Anne Arundel County schools' slow, steady progress on state exams seemed to grind to a halt this past school year, as slightly fewer elementary- and middle-schoolers passed the tests, erasing modest gains county schools made in the 1997-98 school year.

Dismayed county officials said they will do an in-depth study of test data early next year to try find ways to improve their schools' performance. Though test scores dropped slightly across the state, Anne Arundel's decline--from 48.4 percent in the 1997-98 school year to 46.6 percent in the 1998-99 school year--caused it to drop in the ranks of Maryland school systems, from 11 to 14.

But on the bright side, a Pasadena school--little-heralded Bodkin Elementary--posted the highest passing rate on the Maryland School Performance Assessment Program exams, given in reading, writing, language usage, math, science and social studies.

In jumping from the ranking of 202 to No. 1, Bodkin surged ahead of several elementary schools from the posher neighborhoods of Montgomery County and posted a first for Anne Arundel, whose best schools have always lagged a dozen or more steps behind the top in the state.

Principal Rocco Ferretti said Bodkin's achievement came not from a one-time push but from years of hard work and a remodeled curriculum.

"We should have been doing better in years past," he said. "It just all came together this year."

County school officials said they were not very troubled by the overall one-year performance drop, which they said is typical for a complex exam such as the MSPAP. But they are troubled that school scores have plateaued in recent years and say they can't quite explain why.

"As I listen to teachers around the county, they are clearly disappointed because they've put in so much effort and their children have been working so hard," Superintendent Carol S. Parham said.

The MSPAP exam, which attempts to measure how well students in grade 3, 5 and 8 can analyze information and solve problems, is the state's primary tool for determining whether schools are succeeding or failing in preparing children for the work force.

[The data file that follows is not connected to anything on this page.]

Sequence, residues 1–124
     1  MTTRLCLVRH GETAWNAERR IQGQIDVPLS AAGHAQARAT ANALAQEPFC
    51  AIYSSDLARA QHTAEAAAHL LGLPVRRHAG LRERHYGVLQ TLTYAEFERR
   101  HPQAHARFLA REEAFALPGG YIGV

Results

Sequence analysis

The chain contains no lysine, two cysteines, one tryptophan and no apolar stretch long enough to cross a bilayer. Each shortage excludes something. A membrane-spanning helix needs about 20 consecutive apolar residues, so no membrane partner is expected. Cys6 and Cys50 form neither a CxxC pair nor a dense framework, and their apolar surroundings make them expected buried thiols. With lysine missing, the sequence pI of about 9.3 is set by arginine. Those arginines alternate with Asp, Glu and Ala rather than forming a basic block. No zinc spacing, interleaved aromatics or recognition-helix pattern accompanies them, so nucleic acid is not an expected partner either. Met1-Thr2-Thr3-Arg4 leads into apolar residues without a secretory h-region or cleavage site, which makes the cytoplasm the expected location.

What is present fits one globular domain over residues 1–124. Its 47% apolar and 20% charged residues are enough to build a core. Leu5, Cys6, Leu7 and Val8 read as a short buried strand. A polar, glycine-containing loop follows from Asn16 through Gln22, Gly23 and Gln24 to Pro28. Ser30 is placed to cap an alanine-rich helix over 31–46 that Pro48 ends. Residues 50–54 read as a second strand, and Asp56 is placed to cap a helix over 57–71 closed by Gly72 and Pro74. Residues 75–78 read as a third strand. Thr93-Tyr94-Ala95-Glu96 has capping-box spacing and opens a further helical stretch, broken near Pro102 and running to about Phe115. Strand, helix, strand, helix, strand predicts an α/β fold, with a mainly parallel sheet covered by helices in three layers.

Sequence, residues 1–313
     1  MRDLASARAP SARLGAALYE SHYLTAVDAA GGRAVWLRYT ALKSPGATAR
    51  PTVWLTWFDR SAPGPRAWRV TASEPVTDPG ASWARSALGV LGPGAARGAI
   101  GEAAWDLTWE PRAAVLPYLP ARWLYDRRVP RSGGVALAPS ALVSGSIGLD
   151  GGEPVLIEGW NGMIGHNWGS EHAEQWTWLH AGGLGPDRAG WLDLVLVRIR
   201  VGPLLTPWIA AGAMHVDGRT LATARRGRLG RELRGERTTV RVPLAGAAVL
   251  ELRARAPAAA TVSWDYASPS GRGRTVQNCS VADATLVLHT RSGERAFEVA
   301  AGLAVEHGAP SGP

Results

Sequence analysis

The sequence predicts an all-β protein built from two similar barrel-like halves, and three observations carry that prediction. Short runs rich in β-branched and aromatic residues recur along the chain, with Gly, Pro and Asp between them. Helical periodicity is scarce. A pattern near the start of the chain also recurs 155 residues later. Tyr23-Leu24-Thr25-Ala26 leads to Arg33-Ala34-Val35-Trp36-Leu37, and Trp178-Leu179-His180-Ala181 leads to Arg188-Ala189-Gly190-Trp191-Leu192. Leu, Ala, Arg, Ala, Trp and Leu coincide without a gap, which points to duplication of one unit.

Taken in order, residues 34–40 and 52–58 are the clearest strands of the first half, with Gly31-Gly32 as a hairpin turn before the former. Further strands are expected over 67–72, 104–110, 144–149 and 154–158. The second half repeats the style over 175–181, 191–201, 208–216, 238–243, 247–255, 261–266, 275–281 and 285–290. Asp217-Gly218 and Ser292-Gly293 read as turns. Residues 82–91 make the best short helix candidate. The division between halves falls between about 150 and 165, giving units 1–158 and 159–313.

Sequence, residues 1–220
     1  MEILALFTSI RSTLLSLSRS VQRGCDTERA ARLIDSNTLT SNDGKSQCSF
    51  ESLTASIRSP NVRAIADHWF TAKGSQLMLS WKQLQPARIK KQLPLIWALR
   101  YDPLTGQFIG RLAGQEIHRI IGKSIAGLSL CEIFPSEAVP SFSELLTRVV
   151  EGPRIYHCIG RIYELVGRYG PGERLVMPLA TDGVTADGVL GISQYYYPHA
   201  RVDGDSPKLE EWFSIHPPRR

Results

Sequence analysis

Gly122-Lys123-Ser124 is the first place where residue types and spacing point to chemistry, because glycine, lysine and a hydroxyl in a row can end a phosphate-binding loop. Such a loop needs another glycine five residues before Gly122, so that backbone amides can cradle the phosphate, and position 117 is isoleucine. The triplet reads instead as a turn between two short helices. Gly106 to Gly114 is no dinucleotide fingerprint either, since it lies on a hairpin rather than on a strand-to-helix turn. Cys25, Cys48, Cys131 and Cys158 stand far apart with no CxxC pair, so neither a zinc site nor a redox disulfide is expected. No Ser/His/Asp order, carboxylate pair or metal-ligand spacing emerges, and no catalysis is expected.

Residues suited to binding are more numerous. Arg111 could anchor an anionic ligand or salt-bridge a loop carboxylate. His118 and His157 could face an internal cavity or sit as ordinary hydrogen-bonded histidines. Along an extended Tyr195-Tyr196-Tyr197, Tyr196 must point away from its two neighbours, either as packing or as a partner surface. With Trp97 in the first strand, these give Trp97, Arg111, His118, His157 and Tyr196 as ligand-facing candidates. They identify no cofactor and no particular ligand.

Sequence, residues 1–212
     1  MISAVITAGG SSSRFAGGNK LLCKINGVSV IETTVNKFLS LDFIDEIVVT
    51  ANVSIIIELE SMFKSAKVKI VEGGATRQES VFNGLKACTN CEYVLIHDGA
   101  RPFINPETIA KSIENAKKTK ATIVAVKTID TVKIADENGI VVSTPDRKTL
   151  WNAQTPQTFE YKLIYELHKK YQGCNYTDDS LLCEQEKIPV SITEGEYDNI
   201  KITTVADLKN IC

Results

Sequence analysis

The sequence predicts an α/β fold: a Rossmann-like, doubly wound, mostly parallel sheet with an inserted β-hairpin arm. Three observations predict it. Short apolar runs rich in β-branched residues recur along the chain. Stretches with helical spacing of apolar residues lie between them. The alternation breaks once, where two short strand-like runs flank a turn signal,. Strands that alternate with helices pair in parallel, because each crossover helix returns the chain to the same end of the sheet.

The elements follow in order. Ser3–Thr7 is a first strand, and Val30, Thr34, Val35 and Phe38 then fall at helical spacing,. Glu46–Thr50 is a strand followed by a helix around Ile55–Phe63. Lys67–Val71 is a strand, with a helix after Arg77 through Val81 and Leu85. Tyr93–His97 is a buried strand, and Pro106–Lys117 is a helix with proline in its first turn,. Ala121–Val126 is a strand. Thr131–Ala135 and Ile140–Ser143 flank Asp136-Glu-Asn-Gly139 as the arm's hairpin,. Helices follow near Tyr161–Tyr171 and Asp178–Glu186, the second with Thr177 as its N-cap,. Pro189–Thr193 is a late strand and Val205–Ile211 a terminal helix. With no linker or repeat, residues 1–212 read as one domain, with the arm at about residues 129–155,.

Unlike most standardized tests, MSPAP exams do not ask multiple-choice questions. Instead, students write short essays, perform simple science experiments and draw maps or charts. Individual questions often require students to draw upon more than one skill at a time--writing as well as math, for example, or reading as well as social studies. Other skills tested include grammar and science.

Schools that do well on the MSPAP are given cash awards or commendations by the state. Those that do poorly are monitored for potential state takeover.

Arundel scores this year still mark a significant improvement since the tests first began in 1993, when only 36.6 percent of the county's students passed. Still, the drop is disappointing. Arundel's scores now are just above the state average, which is 43.8 percent.

Only 42.3 percent of local third-graders passed the math portion, a drop from 47.3 last year. The percentage of fifth-graders passing math also dropped, from 57.5 to 52.4 percent. Grammar skills suffered similar drops. Arundel eighth-graders continued to show the same lagging performance in reading skills that has plagued their age group across Maryland. Only 23 percent of Arundel eighth-graders passed the reading part of the test, barely better than the 22.1 percent of six years ago.

Like last year, Arundel can boast seven elementary schools that have reached the state's goal of a 70 percent pass rate. However, three of last year's top schools--Windsor Farm, South Shore and Davidsonville--dropped out of that bracket when their scores dropped this year.

But three other schools--Bodkin, Jones and Oak Hill elementaries--pushed past that mark this year. Meanwhile, Severna Park Middle School--for years one of the state's top-scoring middle schools--dropped below 70 percent passing this year.

As happens across the state, the highest-scoring schools tended to be those in affluent neighborhoods, which generally attract the most experienced teachers and draw students from more stable families. Studies show that a school's poverty rate is the single greatest predictor of students' performance on standardized tests.

Yet some schools bucked the trend. Meade Heights Elementary, where more than 58 percent of students come from low-income families, has boosted its scores consistently over the past several years. This year, 51.9 percent of its students passed the exams.

Van Bokkelen Elementary, in Severn, which has been monitored by state officials since 1996 because of its low passing rate, remains the county's lowest-scoring school. But with a new principal who revamped the curriculum and pushed to get parents more involved in the school, Van Bokkelen has seen its scores rise steadily. This year, 22.2 percent of its students passed the test--up from 8.3 percent four years ago.

Scores can be found at, on the state's Web site.